Women off to tourney town
Women’s college basketball notebook
It’s time for that fine holiday basketball tradition, where teams travel to Thanksgiving tournaments hoping they aren’t the main course.
Idaho (3-0) is headed to Oregon’s tourney with Sacramento State (1-3) as the first-round opponent, Eastern Washington (1-3) is in the Colorado tournament facing Illinois-Chicago (1-2).
(It’s always a good sign when your first opponent isn’t the host school.)
Then there are those lucky teams that rotate into a warm-weather paradise.
By chance, Washington State (0-4) and Gonzaga (1-2), which meet at McCarthey in Spokane on Dec. 11, are both playing in the Rainbow Wahine Showdown, sponsored by Mariot, on Waikiki Beach.
The Cougars (0-4) are in deep, facing 14th-ranked North Carolina (4-0). Gonzaga (1-2) meets Mississippi (3-1). Illinois vs. Long Beach is the other game on WSU’s side, North Carolina Central vs. Hawaii on GU’s.
GU knocked off ranked UCLA in the 2007 tourney before getting whipped by UNC when the Tar Heels were in the top 5.
Back then the Bulldogs were going for the fun, sun and a recruiting boost. Not this time.
“We’re going there to hopefully win the tournament,” Gonzaga coach Kelly Graves said Monday before the Zags took off for a side trip to North Dakota. “Playing a SEC team that was a postseason team last year … those things help put together a resume for spring. We hope to get into the (NCAA) tournament. We need some quality wins and as good of seed as possible to help you.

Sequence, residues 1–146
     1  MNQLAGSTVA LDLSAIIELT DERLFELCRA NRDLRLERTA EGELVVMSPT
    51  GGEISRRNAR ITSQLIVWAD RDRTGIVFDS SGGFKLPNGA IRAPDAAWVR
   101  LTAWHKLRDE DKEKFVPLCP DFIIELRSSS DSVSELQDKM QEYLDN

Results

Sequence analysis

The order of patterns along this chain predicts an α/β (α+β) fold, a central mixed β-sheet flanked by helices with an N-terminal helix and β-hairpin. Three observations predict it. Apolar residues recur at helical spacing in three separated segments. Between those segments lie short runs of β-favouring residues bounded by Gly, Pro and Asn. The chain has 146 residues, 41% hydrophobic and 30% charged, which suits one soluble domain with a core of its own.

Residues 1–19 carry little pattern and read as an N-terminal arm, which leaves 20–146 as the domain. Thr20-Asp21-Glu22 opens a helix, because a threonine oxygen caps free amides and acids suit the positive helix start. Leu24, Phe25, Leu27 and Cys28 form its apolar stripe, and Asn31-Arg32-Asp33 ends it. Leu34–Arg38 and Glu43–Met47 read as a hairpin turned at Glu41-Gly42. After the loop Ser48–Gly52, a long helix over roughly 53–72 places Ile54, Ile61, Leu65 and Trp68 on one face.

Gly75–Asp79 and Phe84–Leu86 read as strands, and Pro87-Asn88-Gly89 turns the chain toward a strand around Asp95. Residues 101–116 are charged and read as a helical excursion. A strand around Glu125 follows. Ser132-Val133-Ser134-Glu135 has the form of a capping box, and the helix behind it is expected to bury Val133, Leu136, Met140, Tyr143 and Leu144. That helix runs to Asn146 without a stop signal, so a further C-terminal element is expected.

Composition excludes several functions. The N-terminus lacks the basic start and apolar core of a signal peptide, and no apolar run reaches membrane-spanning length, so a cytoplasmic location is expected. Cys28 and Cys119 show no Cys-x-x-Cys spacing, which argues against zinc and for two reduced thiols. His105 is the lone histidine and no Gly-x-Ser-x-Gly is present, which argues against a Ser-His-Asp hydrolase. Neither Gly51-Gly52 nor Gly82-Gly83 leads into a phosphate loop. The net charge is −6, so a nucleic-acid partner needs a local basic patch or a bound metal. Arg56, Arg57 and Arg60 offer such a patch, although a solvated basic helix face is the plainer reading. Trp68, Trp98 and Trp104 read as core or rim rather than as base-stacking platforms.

“Our kids will be disappointed if we don’t go win that tournament.”
But just like past years, when GU went to the Virgin Islands or Hawaii or Albuquerque, N.M., Graves is packing his shades.
“We’ll try to make it fun, we always do,” he said. “We don’t change. In big moments our kids are loose. They know it’s about business as well. … We’re going to enjoy it, it is Hawaii.”
With recent postseason success, the Bulldogs are well prepared for the tight tournament schedule, although Graves hasn’t looked too far ahead.
“Obviously Mississippi is pretty good,” he said. “They have some new kids, they’re athletic. … I like going into a tournament that is similar to (the NCAA) when, you don’t know who you’re going to play the next round. You have to do things on the fly, game plan quickly, get your kids prepared.”
One bonus, with a third Hawaiian point guard headed GU’s way next season, the Zags seem to have a nice following on the Island.
With a night to sleep on the pulsating loss to No. 3 Stanford before a soldout McCarthey crowd on Sunday, Graves came to a quick conclusion.
His back hurt – he fell asleep in his home office chair watching the game.
“I really thought we played hard,” he said. “We broke down a couple times defensively. We had a good game plan and executed it well. There were a couple times we let down guarding the post … Late, they did a nice job on the boards and I think we lost a little bit of focus.”
It’s not like the Zags were flawless in the 84-78 loss.
“If you would have told me we would have shot 35 percent at home and still had a chance to win it late, I would have said you’re crazy,” Graves said. “They’re the best rebounding team in the country and we rebounded even (49-49) with them. Goodness, we had 21 offensive rebounds. When do you think the last time Stanford gave up 21 offensive rebounds?
“What I got out of this is we can be a good basketball team.”